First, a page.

where n s represents the effective index of the straight tapered length, the strain is applied along the x axis, χ is the strain-optic coefficient (−0.22 for silica), and R c is the curvature radius. The maximal change of the refractive index estimated from Equation (2) is of order 0.0004. Figure 4a shows the BTOF1 interference reflection response when the magnetic field on the magnetic tape is increased. We observed a uniform wavelength shift across the entire spectrum. The redshift of the waveform is attributed to the decrement of fiber bending and the radius of curvature, R c . As a result, the phase difference phase increases as the magnetic field increases.
To make further tests with our sensor, a specific wavelength region was analyzed to show the reproducibility of the fiber signal. In Figure 4b, specific fringe regions were examined to closely analyze the magnetic field effect. Three zones were studied to validate our method. The first zone (Z1) was a peak centered on 1533 nm, where we observed a smaller linear shift of the peak position with magnetic field strength. Due to this effect, the Z1 region, corresponding to a maximal signal power peak, was limited in terms of analyzing the fiber sensor signal. The second region (Z2) represented a clear, linear wavelength shift increment for the applied magnetic field strengths, with a sensitivity extracted from the data around 70 pm/mT. The third region (Z3), around the signal minimum, also presented a limited linear increment with the applied magnetic field. It has the same issues as the Z1 region; reduced sensitivity in detection was clear for higher magnetic field values. The issues described above are present in several fiber optic sensors that employ a direct analysis of the signal’s phase modulation.
The two BTOFs were analyzed by considering the region Z2. For BTOF1, the initial wavelength was 1536 nm and the maximal sensitivity can be estimated around 70 pm/mT (see Figure 5). Additionally, the BTOF2 exhibits a sensitivity around 50 pm/mT. Both sensitivities are an approximation due to the lower linearity exhibited when the magnetic field is applied, this response is related to the magnetic-field–distance association. Indeed, these sensitivities depend on the region and the reproducibility of the fabricated devices. At this point, we detected the magnetic field by inducing curvature over a BTOF; despite the lower linearity, the sensitivity can be compared with other works [7,18,22,24,42,43].

3.2. Spatial Frequency Signal Analysis

In order to detect the magnetic field without the inconveniences mentioned in the wavelength study in the previous section, we employed an alternative signal analysis method using the dominant spatial frequency extracted from the signal spectrum [33]. In our particular case, we used the dominant interference spatial frequency centered at 5 nm−1. The two fabricated BTOFs showed the same centered frequencies in Figure 6a. The smaller peak at spatial frequency 10 nm−1 was due to variations in the wavelength-dependent signal from a pure sinusoidal wave. For the BTOFs, the dominant (non-zero frequency) Fourier component frequency did not shift when the magnetic field was applied. Besides the constant spectral peak position, small variations in intensity with the applied magnetic field were observed, as shown in the inset in Figure 6a. In addition, these intensity changes were not linear with applied field. To appreciate the magnetic field changes induced in the BTOF1 wavelength spectrum, we filtered the dominant Fourier component (see Figure 6a) and its phase was extracted from the data, this phase was then plotted for an arbitrary wavelength without the loss of generality (see Figure 6b) [33]. The phase change in terms of radians was expressed on the y-axis; nevertheless, if the phase shift exceeded 2 π , a phase ambiguity sometimes arose. Under gradual changes of the phase, this ambiguity was easily corrected by adding a 2 π value when the phase was extracted to unwrap the phase. As observed in Figure 6b, the magnetic field increments could be easily identified by phase changes, and its sensitivity did not depend on the fringe region.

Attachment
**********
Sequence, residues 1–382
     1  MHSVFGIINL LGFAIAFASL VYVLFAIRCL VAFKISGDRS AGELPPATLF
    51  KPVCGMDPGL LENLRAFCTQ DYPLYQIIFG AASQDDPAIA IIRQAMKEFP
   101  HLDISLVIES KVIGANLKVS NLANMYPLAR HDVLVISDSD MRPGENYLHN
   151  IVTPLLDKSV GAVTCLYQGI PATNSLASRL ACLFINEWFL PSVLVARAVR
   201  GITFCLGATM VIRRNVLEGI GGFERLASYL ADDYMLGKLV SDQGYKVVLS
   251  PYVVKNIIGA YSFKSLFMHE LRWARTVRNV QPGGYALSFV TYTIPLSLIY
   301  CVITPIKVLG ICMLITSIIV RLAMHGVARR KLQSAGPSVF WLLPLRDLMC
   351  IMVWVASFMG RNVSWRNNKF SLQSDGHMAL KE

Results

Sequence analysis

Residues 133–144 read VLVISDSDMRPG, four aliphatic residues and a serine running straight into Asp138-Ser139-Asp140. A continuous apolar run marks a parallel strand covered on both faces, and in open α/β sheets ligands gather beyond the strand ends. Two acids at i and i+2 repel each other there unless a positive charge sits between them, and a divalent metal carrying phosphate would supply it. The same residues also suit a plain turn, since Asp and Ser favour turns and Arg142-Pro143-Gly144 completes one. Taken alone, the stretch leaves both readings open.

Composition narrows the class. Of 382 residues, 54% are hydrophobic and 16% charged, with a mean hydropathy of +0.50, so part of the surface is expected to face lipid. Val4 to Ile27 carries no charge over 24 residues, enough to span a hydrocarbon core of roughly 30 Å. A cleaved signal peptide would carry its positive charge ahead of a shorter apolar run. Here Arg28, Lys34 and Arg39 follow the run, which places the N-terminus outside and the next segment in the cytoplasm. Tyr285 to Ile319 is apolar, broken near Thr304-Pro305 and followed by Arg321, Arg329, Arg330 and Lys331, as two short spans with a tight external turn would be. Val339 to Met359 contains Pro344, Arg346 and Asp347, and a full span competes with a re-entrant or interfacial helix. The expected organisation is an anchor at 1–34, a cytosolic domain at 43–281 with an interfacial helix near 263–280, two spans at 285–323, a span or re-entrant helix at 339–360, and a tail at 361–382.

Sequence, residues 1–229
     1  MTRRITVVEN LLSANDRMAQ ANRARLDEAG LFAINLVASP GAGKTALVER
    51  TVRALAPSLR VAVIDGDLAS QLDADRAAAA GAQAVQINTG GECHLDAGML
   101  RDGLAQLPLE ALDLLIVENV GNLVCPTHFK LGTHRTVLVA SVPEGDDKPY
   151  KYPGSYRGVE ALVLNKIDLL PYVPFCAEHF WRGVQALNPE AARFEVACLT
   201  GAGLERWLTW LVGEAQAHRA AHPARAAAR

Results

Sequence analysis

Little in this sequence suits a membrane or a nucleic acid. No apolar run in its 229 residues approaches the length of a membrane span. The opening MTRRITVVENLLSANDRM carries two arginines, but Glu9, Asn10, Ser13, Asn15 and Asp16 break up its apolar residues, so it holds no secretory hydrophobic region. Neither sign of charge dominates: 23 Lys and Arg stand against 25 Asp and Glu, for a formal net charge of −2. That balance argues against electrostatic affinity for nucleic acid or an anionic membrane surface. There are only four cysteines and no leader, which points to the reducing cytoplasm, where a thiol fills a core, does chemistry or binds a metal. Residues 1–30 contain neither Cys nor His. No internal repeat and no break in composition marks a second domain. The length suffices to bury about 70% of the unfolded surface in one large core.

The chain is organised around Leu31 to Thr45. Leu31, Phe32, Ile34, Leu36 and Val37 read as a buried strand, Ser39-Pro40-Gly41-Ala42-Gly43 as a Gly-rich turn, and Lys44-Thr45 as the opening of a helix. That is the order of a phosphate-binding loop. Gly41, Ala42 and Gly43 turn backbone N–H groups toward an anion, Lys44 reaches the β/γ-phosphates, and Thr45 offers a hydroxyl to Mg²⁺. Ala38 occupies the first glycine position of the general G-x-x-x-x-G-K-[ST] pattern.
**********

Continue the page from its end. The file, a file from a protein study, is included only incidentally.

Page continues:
The difference phase generated was extracted and is shown in Figure 6b; the magnetic field increased and is plotted in Figure 7. Phase change sensitivities of 0.27 rad/mT (BTOF1) and of 0.29 rad/mT (BTOF2) were calculated. The two BTOF interferometers showed very similar sensitivities, and a clear linear response ( R 1 2 = 0.9814 and R 2 2 = 0.9614) was found. Moreover, the phase-matching difference and the power level disparity present in the fabrication process did not affect the sensitivity values. It is important to mention that both sensitivities were obtained by a method that does not require expensive or complicated magnetic materials. In addition, these sensitivities can be changed, as desired, by modifying BTOF physical parameters. However, in this study, we focused on a novel, signal processing method for magnetic field detection, trying to avoid problems presented in the traditional wavelength shifting analysis.

4. Summary

In summary, we constructed a bi-tapered fiber optic sensor to sense magnetic fields using inexpensive transducer material. Our sensor is immune to optical signal polarization changes and requires only a short fiber span to achieve high sensitivity. To demonstrate the sensor design, we characterized two BTOFs with different insertion losses and mismatched phases; moreover, the fiber taper was operated in a double-pass arrangement. Each tapered fiber was analyzed, and they were set and fixed over a thin magnetic tape using translation stages. A magnetic field is then applied using a permanent magnet that was set a distance above the magnetic tape and positioned using a vertical translation stage. As the magnet was placed close to the sensor platform, the magnetic field increased, and the magnetic tape was attracted to the magnet; as a result, the BTOF was bent. The bending of the tapered fiber affected the reflection interference spectrum and a wavelength shifting to longer wavelengths was observed.